Sue Morris, Reform UK

Sue Morris, Cambridgeshire and Peterborough Police and Crime Comissioner candidate representing Reform UK (46450440)
Sue Morris, Cambridgeshire and Peterborough Police and Crime Comissioner candidate representing Reform UK (46450440)

What would your priorities for Cambridgeshire be if elected as PCC?

My main reason for standing is that we are losing our civil liberties and that deploying police offers to do jobs they were never intended for is causing loss of confidence in the police and reduced respect. The police are a valuable and scarce resource and it is essential that we have a good long-term relationship.

My priority is to focus on all crime that targets local businesses, including rural farms and businesses. It appears that small crimes, such as shoplifting, come at the back of the queue. This is understandable while pressure is put on police to target more politically high profile crimes. If given a mandate by being elected I would give first priority to ‘offences against people and property’ ; a quote from the oath sworn by all constable.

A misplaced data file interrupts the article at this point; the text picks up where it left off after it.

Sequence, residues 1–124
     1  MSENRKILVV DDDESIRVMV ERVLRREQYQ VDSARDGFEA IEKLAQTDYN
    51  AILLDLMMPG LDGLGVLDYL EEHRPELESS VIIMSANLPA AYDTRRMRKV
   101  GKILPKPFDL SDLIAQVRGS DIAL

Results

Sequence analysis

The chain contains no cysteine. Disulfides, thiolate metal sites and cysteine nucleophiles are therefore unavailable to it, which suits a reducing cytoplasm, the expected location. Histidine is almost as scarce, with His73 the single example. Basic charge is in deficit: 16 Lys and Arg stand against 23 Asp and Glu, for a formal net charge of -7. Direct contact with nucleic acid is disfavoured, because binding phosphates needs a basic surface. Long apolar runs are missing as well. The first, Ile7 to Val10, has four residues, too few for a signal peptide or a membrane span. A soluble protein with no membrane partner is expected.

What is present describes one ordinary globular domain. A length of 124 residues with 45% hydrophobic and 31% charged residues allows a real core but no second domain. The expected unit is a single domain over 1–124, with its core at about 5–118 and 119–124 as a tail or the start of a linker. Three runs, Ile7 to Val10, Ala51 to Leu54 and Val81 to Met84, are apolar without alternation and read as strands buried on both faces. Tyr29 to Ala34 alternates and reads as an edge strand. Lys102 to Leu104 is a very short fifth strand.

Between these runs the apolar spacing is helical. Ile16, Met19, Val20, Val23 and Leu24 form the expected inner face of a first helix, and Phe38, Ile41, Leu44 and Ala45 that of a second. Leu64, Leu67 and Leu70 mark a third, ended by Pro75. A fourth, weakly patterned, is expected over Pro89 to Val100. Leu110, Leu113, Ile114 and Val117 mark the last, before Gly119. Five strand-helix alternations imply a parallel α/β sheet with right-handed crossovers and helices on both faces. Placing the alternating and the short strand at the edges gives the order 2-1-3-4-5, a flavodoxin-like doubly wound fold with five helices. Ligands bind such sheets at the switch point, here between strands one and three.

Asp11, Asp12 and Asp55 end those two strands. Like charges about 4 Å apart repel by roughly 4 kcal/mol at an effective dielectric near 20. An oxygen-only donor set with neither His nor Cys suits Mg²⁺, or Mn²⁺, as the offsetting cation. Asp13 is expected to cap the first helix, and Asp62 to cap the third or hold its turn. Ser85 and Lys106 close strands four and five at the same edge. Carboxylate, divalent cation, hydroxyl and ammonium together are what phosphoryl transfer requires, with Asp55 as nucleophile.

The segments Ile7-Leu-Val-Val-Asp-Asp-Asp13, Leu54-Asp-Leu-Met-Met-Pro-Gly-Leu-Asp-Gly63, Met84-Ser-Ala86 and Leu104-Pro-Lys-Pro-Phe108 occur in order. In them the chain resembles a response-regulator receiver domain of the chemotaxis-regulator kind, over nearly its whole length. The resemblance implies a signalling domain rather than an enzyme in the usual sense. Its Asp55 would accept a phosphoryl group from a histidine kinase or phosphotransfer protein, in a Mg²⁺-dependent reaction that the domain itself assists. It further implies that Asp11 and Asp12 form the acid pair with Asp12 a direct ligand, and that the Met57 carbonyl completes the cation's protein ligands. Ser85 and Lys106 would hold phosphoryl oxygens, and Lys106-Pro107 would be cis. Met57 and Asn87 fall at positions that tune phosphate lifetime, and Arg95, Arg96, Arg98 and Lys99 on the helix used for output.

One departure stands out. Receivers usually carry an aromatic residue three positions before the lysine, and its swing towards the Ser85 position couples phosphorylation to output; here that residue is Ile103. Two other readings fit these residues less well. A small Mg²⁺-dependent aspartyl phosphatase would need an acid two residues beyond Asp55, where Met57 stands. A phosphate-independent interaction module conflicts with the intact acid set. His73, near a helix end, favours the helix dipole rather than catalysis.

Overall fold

How would you reduce violent and sexual crimes in Cambridgeshire?

I believe that the police do respond quickly and strongly to such crimes. I do not believe that it is morally right or technically practicable to identify those likely to commit these crimes and so we can not eliminate risk. I have read of an app used in Cambridge which facilitates contacting a friend or family member when setting out on a journey and then letting them know when you have arrived safely. This sort of approach is sensible but should not be used to build a climate of fear.

What can be done about the bike crime problem in Cambridgeshire?